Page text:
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Court: NH can't raise vested workers' pension rate

posted Feb 2, 2012, 5:38 PM by Lise Tierney

Posted: Thursday, February 2, 2012 5:30 pm | Updated: 8:00 pm, Thu Feb 2, 2012.

Associated Press | 0 comments

A New Hampshire judge has ruled that recent pension reforms illegally raised contribution rates for workers vested in the state retirement system.

Superior Court Judge Richard McNamara's ruling gives a coalition of unions who sued on behalf of the workers and the state 30 days to appeal. The ruling signed Jan. 6 was released Wednesday in a lawsuit over pension changes lawmakers enacted in July that _ among other things _ raised workers' contribution rates.

McNamara said the law change was substantial "because it requires employees, who have already met the requisite service and age requirements, to pay additional amounts _ which may be an amount reserved for other expenses, like mortgage, housing, and food _ without receiving additional benefits."

McNamara dismissed the unions' arguments on other provisions in the pension reforms, including that the hike constituted a tax. McNamara said it was a fee. McNamara disagreed with the unions that workers' pension protections start when they become permanent employees. He said those protections start when the workers are vested at 10 years.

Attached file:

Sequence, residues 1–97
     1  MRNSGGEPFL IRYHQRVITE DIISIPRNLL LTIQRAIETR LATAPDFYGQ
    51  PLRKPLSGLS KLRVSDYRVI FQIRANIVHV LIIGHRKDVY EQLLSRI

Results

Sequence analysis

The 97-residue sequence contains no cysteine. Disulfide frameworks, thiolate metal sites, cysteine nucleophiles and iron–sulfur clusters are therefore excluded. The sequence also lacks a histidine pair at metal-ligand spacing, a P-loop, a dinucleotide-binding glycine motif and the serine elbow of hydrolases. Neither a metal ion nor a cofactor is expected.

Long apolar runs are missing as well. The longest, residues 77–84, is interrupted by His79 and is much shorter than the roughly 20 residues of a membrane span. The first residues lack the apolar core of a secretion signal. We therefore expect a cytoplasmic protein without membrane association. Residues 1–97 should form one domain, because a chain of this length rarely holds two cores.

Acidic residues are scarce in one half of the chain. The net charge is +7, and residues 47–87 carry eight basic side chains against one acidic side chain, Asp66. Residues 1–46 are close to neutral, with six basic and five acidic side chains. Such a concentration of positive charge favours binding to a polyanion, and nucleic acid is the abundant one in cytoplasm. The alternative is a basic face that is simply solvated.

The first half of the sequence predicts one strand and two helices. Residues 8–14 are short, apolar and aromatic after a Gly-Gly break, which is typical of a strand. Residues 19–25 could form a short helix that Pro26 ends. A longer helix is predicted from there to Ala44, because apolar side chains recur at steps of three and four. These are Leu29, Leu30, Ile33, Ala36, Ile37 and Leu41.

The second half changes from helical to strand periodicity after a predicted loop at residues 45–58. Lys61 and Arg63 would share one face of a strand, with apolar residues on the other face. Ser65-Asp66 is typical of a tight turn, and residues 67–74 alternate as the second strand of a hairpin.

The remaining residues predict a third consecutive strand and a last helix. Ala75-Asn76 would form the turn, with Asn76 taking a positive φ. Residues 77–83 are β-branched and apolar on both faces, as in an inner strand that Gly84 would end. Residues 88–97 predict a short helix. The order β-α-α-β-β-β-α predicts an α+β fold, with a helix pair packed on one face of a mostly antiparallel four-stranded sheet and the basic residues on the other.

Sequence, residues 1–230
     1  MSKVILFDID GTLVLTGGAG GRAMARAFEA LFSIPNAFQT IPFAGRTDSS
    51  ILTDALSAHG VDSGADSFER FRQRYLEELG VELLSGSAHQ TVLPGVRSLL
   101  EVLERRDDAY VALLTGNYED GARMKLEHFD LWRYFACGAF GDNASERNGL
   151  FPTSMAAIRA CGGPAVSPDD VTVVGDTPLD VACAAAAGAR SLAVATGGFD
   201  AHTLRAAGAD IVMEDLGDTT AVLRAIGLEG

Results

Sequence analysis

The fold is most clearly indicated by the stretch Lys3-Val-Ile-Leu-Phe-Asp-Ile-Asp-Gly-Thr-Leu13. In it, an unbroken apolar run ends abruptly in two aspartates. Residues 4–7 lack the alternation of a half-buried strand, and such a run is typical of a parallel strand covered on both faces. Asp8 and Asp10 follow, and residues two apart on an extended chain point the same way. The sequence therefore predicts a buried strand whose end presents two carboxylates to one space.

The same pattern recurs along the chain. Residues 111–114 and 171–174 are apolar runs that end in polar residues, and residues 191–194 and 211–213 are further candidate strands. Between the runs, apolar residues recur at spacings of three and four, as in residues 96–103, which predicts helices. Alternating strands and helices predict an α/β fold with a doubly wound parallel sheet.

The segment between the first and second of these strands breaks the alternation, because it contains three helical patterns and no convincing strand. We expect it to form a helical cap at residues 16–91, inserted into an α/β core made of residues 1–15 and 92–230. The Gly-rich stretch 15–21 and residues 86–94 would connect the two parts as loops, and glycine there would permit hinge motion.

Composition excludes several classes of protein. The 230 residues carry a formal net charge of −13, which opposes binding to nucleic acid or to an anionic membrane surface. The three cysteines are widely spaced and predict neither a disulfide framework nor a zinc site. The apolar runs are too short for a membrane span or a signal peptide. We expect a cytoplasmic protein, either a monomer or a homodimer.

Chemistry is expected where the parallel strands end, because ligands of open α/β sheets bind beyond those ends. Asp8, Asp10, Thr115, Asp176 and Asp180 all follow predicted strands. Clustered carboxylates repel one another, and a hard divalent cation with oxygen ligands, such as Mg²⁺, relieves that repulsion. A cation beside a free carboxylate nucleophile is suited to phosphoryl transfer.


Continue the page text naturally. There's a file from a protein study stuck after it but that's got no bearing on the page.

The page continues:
Senate Republican Leader Jeb Bradley of Wolfeboro said both sides are still digesting the ruling.

"We won on the important parts," he said. He said McNamara's ruling upheld the law changes that affect workers who aren't vested, including changes in work rules, years of service to full retirement and other changes in calculating benefits.

David Lang, president of the Professional Firefighters Association of New Hampshire, said the unions that sued _ including his _ are still discussing the decision weighing their options.

Under the law change, teachers, state and municipal workers began paying 7 percent instead of 5 percent last July. Firefighters' contributions rose from 9.3 percent to 11.8 percent. Police pay 11.55 percent, up from 2.3 percent.

Bradley said it isn't clear how much the change will cost if the state loses. The changes were estimated to bring in $100 million over the two-year budget, but McNamara's ruling would only mean returning money to vested employees.